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Modified-release opioids

In this video, Dr Jane Quinlan discusses why modified-release opioids are no longer recommended for routine use in managing acute postoperative pain.

In this step, Dr Jane Quinlan, Consultant in Anaesthesia and Pain Medicine at Oxford University Hospitals and Honorary Senior Lecturer at Oxford University, discusses why modified-release opioids are no longer recommended for routine use in acute postoperative pain.

How do modified release preparations work?

Modified-release (MR) opioid formulations (also known as slow-release, sustained-release, controlled-release or long-acting formulations) are medicinal products which are designed to prolong opioid absorption from the gut, resulting in a steady-state plasma concentration over a prolonged period.

Their dosing schedules are usually 12-hourly. MST Continus (an MR formulation of morphine), for example, reaches a peak at 3 hours, with a sustained effect lasting approximately 12 hours. OxyContin (MR oxycodone), notably, has an unusual biphasic release pattern, with approximately 40% of the dose release within 37 minutes, and the remainder having an absorption half-life of 6 hours [1].

Boxes and packs of OxyContin and OxyNorm pills on a table

Fentanyl and buprenorphine are also available as transdermal drug delivery systems, which similarly produce sustained plasma opioid concentrations. Their absorption profile is even slower, with a slow build-up to a steady-state concentration around the third day, and wide inter-individual variation in the plasma concentrations achieved.

Much of the evidence for the efficacy and safety profile for these preparations was carried out in cancer pain and chronic non-cancer pain populations. Despite this, since they were introduced in the 1990s, the use of MR opioids became a widespread and integral part of many enhanced recovery pathways. They have been found to account for more than a third of all opioids prescribed after surgery in some settings [2].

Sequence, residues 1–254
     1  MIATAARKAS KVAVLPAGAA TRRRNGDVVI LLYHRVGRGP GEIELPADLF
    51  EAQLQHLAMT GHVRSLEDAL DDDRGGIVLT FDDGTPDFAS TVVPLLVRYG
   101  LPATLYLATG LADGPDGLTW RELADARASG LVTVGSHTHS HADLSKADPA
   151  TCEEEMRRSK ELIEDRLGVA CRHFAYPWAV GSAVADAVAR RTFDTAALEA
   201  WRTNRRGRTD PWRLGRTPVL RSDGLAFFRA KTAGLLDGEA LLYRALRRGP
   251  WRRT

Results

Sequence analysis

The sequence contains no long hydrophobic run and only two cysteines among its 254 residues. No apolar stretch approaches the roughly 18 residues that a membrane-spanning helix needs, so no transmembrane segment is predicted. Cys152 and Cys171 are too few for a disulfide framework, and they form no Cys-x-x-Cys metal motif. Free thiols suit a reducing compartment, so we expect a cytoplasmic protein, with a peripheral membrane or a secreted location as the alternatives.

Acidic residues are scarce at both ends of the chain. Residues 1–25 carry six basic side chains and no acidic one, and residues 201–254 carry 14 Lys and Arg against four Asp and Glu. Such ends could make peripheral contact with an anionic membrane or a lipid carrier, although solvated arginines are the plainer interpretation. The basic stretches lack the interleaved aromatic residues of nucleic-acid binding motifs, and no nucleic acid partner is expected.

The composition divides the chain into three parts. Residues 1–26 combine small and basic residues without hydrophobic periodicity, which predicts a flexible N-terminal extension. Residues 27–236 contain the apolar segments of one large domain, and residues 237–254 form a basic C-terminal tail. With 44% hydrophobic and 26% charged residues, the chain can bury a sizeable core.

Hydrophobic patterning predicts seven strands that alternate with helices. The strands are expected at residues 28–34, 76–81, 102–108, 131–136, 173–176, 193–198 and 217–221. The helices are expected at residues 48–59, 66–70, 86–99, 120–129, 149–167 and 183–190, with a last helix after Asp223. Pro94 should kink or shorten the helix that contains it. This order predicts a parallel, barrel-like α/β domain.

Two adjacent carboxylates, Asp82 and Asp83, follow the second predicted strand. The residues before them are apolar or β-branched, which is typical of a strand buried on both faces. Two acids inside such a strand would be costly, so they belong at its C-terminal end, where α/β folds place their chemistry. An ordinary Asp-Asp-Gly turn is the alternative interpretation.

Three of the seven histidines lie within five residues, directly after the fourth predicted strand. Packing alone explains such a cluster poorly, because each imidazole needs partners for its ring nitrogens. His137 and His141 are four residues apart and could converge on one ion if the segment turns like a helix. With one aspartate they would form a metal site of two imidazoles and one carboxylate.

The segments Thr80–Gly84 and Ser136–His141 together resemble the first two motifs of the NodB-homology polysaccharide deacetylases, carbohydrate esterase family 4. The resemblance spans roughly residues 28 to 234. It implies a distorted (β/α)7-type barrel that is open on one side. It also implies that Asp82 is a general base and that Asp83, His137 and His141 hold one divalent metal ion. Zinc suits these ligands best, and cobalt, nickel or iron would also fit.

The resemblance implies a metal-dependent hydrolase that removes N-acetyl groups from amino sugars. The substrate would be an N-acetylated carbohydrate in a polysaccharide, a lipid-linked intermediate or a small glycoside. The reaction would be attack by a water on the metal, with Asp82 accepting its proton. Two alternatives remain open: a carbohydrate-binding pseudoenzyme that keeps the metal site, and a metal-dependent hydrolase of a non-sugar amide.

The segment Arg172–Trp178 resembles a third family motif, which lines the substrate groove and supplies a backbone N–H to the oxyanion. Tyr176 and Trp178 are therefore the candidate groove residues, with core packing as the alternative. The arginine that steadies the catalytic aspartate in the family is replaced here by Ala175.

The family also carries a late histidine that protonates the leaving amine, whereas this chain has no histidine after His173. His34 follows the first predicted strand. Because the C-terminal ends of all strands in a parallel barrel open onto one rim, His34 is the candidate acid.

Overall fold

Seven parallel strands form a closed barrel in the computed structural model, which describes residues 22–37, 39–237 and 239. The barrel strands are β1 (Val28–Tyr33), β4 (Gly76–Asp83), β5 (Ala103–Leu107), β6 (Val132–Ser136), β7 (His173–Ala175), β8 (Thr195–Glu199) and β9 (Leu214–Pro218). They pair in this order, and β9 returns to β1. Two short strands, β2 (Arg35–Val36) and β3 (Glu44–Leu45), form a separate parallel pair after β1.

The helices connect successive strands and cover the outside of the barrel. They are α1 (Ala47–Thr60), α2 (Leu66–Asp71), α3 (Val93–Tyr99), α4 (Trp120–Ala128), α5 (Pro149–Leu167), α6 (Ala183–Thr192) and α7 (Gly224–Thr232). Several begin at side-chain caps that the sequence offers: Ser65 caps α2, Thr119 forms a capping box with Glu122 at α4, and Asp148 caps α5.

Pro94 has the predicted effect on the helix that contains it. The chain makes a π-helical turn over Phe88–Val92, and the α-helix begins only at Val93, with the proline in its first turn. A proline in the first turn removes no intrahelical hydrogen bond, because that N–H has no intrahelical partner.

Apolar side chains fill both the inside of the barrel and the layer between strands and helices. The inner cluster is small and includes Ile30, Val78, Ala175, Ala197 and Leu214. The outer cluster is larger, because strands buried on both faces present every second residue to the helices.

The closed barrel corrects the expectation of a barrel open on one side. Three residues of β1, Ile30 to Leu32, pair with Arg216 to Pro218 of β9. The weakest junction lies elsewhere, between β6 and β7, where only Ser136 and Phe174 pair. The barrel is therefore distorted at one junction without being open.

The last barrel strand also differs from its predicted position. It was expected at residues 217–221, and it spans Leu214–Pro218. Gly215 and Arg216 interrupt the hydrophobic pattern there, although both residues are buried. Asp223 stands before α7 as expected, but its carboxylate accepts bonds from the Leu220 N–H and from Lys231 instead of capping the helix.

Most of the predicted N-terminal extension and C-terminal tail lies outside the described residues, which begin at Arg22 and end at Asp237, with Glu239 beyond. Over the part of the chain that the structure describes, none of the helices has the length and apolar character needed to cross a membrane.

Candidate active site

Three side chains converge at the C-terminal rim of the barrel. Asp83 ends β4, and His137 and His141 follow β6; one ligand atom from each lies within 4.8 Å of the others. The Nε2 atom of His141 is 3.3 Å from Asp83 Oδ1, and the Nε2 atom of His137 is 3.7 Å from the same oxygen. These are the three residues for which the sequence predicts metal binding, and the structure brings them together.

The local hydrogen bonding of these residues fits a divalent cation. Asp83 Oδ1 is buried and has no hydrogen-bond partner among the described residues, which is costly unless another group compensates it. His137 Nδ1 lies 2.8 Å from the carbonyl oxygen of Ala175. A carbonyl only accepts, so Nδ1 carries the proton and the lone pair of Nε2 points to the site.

This practice became accepted in the belief that MR opioids were safer (as the lower peak concentration was supposed to be less rewarding and therefore cause less risk of opioid use disorder), providing better analgesia (as the trough concentration was supposed to be within the therapeutic window), as well as reducing nursing workload.

Although there were some studies which backed these claims, most have been discredited either as frankly fraudulent or as being methodologically flawed [1-2].

Current evidence suggests that the use of these MR formulations is not as safe or effective as initially thought. The use of MR opioids (even when combined with immediate-release [IR] opioids) is associated with worse postoperative analgesia and leads to higher cumulative doses being used.

It is also associated with an increased risk of opioid-related adverse drug events (ORADEs), including opioid-induced ventilatory impairment (OIVI). When they occur, such events last longer than they would with IR formulations due to their slow onset and offset. MR opioids are also associated with longer length of stay, and there is strong evidence that their use is one of the main risk factors for PPOU [3].

As a result, a number of international guidelines and position statements now advise against the use of MR and transdermal opioids in the management of acute postoperative pain [4-5].

Your turn now

Use the comments section below to share your thoughts and experiences.
What do you think about the changing role of modified-release opioids in postoperative pain management? Have you seen these formulations used in this setting?
Have you seen any patients sustain adverse events as a result of the use of modified-release formulations?

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1. Quinlan J, Levy N, Lobo DN, et al. No place for routine use of modified-release opioids in postoperative pain management. Br J Anaesth 2022;129:290–3.

2. Liu S, Athar A, Quach D, et al. Risks and benefits of oral modified-release compared with oral immediate-release opioid use after surgery: a systematic review and meta-analysis. Anaesthesia 2023;78:1225–36.

3. Shah A, Hayes CJ, Martin BC. Characteristics of Initial Prescription Episodes and Likelihood of Long-Term Opioid Use-United States, 2006-2015. Morb Mortal Wkly Rep 2017;66:265–269.

4. Wilkinson P, Srivastava D. Surgery and Opioids: Best Practice Guidelines 2021. Faculty of Pain Medicine, London (2021).

5. Australian and New Zealand College of Anaesthetists. Statement on the Use of Slow-Release Opioid Preparations in the Treatment of Acute Pain. ANZCA Bull 2018;01:15–6.

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Opioids and Surgery

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